Monitoring means checking the environment on a regular basis (daily or weekly, depending on the situation) to identify and track pests. This is important because it enables us to know when a pest problem has reached or exceeded a threshold level that warrants control activities. Scouting and monitoring also gives us information about the biology of the pest, its damage potential, and its life cycle, all of which help in deciding whether or not a pest can be tolerated or must be controlled.

Pests can cause a variety of problems in the field, on farms, and in homes and businesses. They can interfere with crop production by competing for the same resources, or they can carry disease-causing agents that could contaminate crops or people. For example, a flea can spread tapeworms and ticks can transmit Lyme disease.

The most effective way to prevent pests is through Integrated Pest Management (IPM) practices. IPM is a method that emphasizes monitoring, identifying and correcting the conditions that lead to pest occurrence, and choosing the most appropriate chemical or non-chemical control methods for each pest. It also includes utilizing preventive tactics such as baits, traps, and habitat alteration to manage pests.

When chemical pesticides are used, it is very important that the label instructions are followed. This is especially true when children are present, as they can be harmed by even small amounts of some pesticides. It is also important that only trained and qualified specialists handle and apply pesticides. Finally, it is important to purchase and store pesticides in their original, properly labeled container. This ensures that the product is not misused or contaminated in other ways and can be stored safely out of reach of children.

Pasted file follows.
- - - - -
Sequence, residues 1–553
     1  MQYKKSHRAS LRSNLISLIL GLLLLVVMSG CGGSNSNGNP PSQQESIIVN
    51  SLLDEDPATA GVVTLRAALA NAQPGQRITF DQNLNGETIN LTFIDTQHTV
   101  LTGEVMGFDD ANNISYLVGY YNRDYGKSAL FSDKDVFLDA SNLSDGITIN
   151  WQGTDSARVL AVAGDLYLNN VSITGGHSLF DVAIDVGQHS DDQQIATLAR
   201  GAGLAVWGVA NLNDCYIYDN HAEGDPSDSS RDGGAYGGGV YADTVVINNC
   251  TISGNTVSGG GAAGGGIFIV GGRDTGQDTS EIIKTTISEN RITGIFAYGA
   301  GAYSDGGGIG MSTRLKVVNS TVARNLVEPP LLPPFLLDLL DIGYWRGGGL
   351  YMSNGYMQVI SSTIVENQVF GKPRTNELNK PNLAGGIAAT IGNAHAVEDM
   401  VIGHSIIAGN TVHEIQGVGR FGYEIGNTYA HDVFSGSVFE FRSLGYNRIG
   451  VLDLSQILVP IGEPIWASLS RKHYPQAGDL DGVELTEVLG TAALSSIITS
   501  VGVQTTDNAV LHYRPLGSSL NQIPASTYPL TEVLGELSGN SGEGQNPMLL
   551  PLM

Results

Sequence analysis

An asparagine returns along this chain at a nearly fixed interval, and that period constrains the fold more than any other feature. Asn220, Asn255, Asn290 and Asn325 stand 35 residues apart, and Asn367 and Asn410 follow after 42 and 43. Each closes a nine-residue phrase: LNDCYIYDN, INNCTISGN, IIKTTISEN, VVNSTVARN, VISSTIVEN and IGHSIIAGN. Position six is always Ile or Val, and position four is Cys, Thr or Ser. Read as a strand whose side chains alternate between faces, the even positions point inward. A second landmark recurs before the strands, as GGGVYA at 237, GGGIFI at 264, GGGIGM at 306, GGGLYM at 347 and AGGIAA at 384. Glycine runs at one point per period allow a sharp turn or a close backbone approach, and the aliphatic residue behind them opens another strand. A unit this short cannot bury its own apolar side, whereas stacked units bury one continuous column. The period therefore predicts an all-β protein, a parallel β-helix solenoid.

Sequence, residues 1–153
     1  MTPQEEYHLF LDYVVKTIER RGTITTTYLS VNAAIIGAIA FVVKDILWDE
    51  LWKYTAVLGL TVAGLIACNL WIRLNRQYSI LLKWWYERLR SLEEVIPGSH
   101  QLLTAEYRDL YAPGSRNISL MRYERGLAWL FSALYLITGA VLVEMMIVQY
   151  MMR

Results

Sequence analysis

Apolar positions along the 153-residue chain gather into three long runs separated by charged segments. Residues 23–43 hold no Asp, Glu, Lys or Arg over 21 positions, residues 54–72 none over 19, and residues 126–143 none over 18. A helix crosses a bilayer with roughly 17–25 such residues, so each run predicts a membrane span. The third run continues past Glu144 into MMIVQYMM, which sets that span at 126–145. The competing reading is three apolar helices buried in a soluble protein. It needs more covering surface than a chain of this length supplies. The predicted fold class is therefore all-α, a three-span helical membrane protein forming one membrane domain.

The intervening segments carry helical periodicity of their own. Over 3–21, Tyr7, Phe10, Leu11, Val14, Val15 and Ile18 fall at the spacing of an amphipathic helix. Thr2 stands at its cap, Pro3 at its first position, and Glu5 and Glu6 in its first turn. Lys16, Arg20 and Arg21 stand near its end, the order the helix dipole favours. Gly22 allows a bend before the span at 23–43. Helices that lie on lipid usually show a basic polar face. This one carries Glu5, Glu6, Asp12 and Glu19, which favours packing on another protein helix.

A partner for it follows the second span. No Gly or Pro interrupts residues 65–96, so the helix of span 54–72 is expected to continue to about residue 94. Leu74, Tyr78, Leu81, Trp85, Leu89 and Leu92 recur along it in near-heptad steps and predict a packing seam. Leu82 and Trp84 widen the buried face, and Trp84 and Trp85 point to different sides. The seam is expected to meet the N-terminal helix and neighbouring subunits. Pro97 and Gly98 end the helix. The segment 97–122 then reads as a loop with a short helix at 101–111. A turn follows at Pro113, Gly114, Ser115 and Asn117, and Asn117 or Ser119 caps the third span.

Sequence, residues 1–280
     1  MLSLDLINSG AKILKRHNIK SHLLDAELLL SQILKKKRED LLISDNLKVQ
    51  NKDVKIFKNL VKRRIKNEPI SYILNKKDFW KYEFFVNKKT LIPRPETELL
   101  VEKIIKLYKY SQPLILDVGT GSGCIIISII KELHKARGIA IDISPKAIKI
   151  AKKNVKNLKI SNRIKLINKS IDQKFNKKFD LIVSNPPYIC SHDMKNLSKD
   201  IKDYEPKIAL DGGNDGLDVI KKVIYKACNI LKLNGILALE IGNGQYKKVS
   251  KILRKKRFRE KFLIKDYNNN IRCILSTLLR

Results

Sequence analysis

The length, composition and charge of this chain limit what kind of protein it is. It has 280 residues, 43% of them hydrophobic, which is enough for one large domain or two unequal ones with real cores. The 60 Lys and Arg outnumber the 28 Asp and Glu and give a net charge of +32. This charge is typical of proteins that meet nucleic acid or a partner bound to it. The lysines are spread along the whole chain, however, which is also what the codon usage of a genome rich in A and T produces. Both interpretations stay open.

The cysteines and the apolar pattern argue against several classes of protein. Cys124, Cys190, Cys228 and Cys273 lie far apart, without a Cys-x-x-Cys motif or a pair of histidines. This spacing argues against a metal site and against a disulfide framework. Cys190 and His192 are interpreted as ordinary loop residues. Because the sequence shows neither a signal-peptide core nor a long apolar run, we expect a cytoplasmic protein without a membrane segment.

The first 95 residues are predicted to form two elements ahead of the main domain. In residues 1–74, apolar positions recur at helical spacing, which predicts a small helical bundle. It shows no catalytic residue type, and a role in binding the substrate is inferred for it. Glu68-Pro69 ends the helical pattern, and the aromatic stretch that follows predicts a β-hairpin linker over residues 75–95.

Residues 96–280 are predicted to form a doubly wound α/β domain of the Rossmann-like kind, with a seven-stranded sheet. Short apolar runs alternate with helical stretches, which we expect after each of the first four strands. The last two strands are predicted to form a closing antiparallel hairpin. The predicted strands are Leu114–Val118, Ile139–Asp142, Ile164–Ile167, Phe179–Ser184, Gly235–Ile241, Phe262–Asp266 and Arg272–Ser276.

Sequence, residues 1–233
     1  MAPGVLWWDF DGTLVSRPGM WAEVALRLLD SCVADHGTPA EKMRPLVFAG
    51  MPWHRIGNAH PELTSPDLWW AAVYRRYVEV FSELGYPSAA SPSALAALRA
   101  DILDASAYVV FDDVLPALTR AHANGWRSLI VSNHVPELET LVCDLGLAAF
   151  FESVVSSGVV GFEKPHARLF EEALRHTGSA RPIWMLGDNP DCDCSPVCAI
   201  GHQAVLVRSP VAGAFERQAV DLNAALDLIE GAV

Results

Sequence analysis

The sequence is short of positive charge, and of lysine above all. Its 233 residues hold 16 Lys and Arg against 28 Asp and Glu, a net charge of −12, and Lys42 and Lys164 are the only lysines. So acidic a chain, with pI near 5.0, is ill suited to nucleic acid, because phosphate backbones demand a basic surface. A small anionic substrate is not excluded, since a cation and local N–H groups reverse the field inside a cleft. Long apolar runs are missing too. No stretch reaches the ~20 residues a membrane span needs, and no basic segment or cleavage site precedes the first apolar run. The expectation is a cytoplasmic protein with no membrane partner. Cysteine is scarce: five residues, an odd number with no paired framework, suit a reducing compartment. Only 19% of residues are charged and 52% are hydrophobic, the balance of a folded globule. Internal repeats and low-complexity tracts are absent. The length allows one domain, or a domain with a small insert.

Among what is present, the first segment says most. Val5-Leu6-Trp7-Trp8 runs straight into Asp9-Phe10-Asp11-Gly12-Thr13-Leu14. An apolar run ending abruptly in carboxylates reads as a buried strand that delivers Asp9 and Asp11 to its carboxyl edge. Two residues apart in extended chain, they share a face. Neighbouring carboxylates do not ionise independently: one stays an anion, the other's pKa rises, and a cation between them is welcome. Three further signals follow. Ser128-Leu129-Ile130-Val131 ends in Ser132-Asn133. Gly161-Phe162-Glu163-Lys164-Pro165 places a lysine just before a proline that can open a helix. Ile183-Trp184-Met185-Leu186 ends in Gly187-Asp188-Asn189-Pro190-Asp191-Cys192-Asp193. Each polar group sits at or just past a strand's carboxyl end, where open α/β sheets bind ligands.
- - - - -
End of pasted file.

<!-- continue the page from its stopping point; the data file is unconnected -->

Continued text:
Pest control is one of several essential services provided by nature and other organisms that keep pest numbers low enough to prevent serious damage to crops, trees, or wildlife. Insects, other insects-like species, and many birds, reptiles, and mammals are natural predators that can suppress pest populations. Fungi and other microorganisms also suppress some insect pests.

Monitoring pests can help determine when to take action. Typically, this involves looking at the number of pests or their damage, but it can also include checking weather conditions such as temperature and moisture levels. The growth rate of a crop can affect how quickly pests build up. For example, if a plant grows rapidly, it is less likely to be seriously damaged by pests than a slower-growing crop.

In addition to natural enemies, some pests can be controlled through cultural, mechanical, and sanitation methods. Cultural practices that reduce the number of places where pests can hide or find food, such as eliminating debris piles and maintaining clean fields, may help. Sanitation techniques such as cleaning equipment, avoiding carryover of pests from one field to the next, and disposing of manure properly may also help.